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The 72-Hour Startup

Last weekend in Boulder, Colo., home of InformationWeek's Rocky Mountain Bureau, a group of about 70 or so entrepeneurs, investors, software developers, Web designers and marketing geniuses, plus at least one massage therapist, got together with an audacious goal: create and launch a new online business in 72 hours. Conceived by 23-year-old graphic designer Andrew Hyde,
July 11, 2007
Last weekend in Boulder, Colo., home of InformationWeek's Rocky Mountain Bureau, a group of about 70 or so entrepeneurs, investors, software developers, Web designers and marketing geniuses, plus at least one massage therapist, got together with an audacious goal: create and launch a new online business in 72 hours. Conceived by 23-year-old graphic designer Andrew Hyde, Startup Weekend was an experiment in company creation and an attempt to set the land-speed record for entrepreneurialism.In marathon small-group sessions punctuated by hourly meetings (and 90-second yoga breaks), the flash entrepeneurs winnowed a group of 10 business ideas down to the three and then chose one: VoSnap, an online voting tool that "facilitates group decision making quickly and easily" by allowing boards of directors, business colleagues, knitting clubs to cast votes and share opinions immediately using a laptop computer, a mobile phone, or any other connected device.

Exhausting just to read, the Startup Weekend minute-by-minute blog is a look inside the sausage factory, from the early consensus on the initial group of business ideas, to "Legal has incorporated the company-it's real now" at 1:50 a.m. on Sunday, to boos and applause from the punch-drunk crowd, to business-building decisions made in minutes instead of weeks. The launch of VoSnap.com was supposed to happen by midnight Sunday evening; unfortunately at 3 a.m. on Monday, the small core of developers still at their screens "were ready to launch *something*" reports David Cohen, one of the instigators of the weekend, "but were crippled by the timing and the disbanding of the group. Nobody had the right passwords to the production servers, or whatever. It didn't get done."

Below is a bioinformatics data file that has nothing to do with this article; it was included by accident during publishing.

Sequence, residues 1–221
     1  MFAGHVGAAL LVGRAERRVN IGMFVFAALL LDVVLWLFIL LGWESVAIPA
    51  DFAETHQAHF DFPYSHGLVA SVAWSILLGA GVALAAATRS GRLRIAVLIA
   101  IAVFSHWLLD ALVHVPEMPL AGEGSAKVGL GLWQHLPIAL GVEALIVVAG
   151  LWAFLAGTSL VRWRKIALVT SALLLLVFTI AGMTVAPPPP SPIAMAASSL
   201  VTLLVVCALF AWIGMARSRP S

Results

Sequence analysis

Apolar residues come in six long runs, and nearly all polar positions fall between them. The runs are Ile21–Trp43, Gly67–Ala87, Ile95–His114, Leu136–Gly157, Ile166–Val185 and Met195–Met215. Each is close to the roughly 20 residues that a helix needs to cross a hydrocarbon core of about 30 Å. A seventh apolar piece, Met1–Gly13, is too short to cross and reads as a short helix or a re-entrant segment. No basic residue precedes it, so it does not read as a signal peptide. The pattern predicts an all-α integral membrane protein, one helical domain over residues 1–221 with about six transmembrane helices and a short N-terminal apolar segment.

Oh well, every fledgling business has glitches - even one conceived and (nearly) launched in two-and-a-half days. Cohen has some very candid thoughts on what went wrong ("development is hard") and the many things that went right, including the following lessons for next time: make the goals clear both inside and outside the room; choose the "most experienced and respected folks," not just the Big Dog personalities, as team leaders; don't be laid back about milestone decisions; and make the Sunday midnight deadline completely firm. "Launch something at that time, no matter what."

Sounds like good advice for any startup, not just a weekend job. Cohen says 5 other cities have already contacted the Startup Weekend principals to ask about setting up their own versions.